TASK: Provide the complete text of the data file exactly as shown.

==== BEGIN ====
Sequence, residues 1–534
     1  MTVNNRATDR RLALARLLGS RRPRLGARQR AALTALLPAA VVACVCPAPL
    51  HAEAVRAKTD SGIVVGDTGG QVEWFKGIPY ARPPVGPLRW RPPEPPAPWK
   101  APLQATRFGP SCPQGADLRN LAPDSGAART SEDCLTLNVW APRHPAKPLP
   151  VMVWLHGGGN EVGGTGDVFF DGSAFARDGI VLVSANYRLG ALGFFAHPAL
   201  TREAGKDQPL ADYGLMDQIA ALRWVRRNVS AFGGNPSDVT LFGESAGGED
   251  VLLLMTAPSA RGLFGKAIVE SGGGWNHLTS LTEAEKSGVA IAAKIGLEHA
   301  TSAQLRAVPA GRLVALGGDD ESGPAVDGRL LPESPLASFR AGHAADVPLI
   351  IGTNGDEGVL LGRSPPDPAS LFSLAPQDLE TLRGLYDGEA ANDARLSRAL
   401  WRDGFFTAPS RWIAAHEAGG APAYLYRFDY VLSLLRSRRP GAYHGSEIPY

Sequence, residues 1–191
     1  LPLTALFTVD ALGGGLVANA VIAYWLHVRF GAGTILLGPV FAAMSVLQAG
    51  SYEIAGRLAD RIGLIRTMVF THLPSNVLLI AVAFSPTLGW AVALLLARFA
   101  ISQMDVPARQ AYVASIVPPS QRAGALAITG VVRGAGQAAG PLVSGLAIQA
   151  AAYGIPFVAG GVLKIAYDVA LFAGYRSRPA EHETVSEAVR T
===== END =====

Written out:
Sequence, residues 1–534
     1  MTVNNRATDR RLALARLLGS RRPRLGARQR AALTALLPAA VVACVCPAPL
    51  HAEAVRAKTD SGIVVGDTGG QVEWFKGIPY ARPPVGPLRW RPPEPPAPWK
   101  APLQATRFGP SCPQGADLRN LAPDSGAART SEDCLTLNVW APRHPAKPLP
   151  VMVWLHGGGN EVGGTGDVFF DGSAFARDGI VLVSANYRLG ALGFFAHPAL
   201  TREAGKDQPL ADYGLMDQIA ALRWVRRNVS AFGGNPSDVT LFGESAGGED
   251  VLLLMTAPSA RGLFGKAIVE SGGGWNHLTS LTEAEKSGVA IAAKIGLEHA
   301  TSAQLRAVPA GRLVALGGDD ESGPAVDGRL LPESPLASFR AGHAADVPLI
   351  IGTNGDEGVL LGRSPPDPAS LFSLAPQDLE TLRGLYDGEA ANDARLSRAL
   401  WRDGFFTAPS RWIAAHEAGG APAYLYRFDY VLSLLRSRRP GAYHGSEIPY

Sequence, residues 1–191
     1  LPLTALFTVD ALGGGLVANA VIAYWLHVRF GAGTILLGPV FAAMSVLQAG
    51  SYEIAGRLAD RIGLIRTMVF THLPSNVLLI AVAFSPTLGW AVALLLARFA
   101  ISQMDVPARQ AYVASIVPPS QRAGALAITG VVRGAGQAAG PLVSGLAIQA
   151  AAYGIPFVAG GVLKIAYDVA LFAGYRSRPA EHETVSEAVR T